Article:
With so much investment and tech development underway, many are asking where, how and when will we see self-driving cars, buses and trucks on the streets in earnest? A host of companies, cities and countries are competing and collaborating to move things forward – but is could be a decade or so before there is mass market traction. In addition, what about seaborne AV as well as drones, air-taxis and, maybe, pilotless planes?
Ahead of the launch of a detailed initial perspective in Shanghai in November this is a summary of 30 of the key issues that experts have already raised. As part of a major global open foresight programme we will be running 15 events around the world in the first half of 2019 exploring these and additional issues – building an informed, global view for all.
We have many key locations already defined, but if you are interested in hosting or co-hosting one of these events, do let us know and we can include as we work on the overall schedule. As with all our projects (e.g. www.futureofpatientdata.org) we will share all insights from each location and publish a global synthesis.
For more details contact email@example.com
Future of autonomous vehicles initial perspective - 8 october 2018
The Future of Autonomous Vehicles
An Initial View for Global Debate and Challenge
8 October 2018
This project is identifying where and what are the key opportunities for AV,
as well as the pivotal drivers of change across a number of major locations.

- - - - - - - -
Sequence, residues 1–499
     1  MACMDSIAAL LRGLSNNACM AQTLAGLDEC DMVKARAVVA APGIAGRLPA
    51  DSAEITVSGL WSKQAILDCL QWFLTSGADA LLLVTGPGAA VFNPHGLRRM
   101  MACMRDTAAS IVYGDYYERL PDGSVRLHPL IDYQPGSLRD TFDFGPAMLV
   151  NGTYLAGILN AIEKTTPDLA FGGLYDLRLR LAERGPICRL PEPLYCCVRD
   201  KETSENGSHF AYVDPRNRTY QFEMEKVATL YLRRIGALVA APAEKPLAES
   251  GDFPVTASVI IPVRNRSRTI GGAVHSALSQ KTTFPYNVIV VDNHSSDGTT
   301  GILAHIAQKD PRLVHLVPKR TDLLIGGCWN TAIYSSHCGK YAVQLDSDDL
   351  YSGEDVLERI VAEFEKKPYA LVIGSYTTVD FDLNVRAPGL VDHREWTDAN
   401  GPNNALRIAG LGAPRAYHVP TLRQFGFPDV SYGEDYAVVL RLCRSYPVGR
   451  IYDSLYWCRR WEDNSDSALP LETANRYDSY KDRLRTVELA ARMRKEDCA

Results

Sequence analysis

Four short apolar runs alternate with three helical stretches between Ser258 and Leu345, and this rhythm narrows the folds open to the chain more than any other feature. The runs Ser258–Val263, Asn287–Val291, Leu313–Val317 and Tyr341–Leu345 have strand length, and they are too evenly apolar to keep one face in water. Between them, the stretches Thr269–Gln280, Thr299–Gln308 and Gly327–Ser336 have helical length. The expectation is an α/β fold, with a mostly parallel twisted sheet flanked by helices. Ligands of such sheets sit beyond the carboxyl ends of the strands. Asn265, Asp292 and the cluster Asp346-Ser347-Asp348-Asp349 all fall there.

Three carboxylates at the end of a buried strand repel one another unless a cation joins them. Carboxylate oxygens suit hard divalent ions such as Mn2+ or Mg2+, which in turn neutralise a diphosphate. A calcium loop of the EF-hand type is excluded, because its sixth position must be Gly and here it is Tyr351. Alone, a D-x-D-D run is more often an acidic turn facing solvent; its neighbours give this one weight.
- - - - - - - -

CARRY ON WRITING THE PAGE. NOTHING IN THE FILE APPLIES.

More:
THE FUTURE OF
Insights from Multiple Expert
Discussions Around the World
An initial view on some of the key options and challenges ahead has
been prepared. This is the starting point of the global dialogue.
Key Questions Include:
• Where will be the key hot-spots for AV development and deployment?
• Where is advanced regulation most likely to act as a catalyst for AV deployment?
• What level of safety (crashes) is acceptable for the full launch of AV in the next decade?
• Will AV increase or decrease total traffic flow and congestion?
• Will automated mobility services replace, reduce or extend the reach of public transport?
• Of all the technologies in the mix, which are in greatest need of further development
before the benefits of AV can be realised?
• What are the distinct benefits from AV that are not already coming from current and future-
• How important will international standards and commonly shared technologies be for AV
• Which will be the pivotal organisations, cities and governments that control adoption
• Who will lead on integrating all the varied systems needed to enable AV to operate?
• Who will customers trust most to deliver a safe, reliable and comfortable AV experience?
Time to Full Conversion
Despite growing investment and technology availability, it is going to
take time to change the whole vehicle fleet - maybe up to 25 to 30 years.
AV will eliminate congestion, reduce injuries, free time, reduce energy
consumption, improve air quality, drive social inclusion and create new jobs.
While controlled environments have demonstrated some early steps for AV,
there are more complex challenges to be addressed on the open road.
For AV to get real traction it may be necessary to turn transport planning on
its head and for cities to deliver new visions which in turn will drive demand.
Connected vs. Autonomous Vehicles
Connectivity and autonomy are complementary technologies but connected
vehicles are not necessarily autonomous nor are AVs inevitably connected.
Alternative Sources of Safety Benefits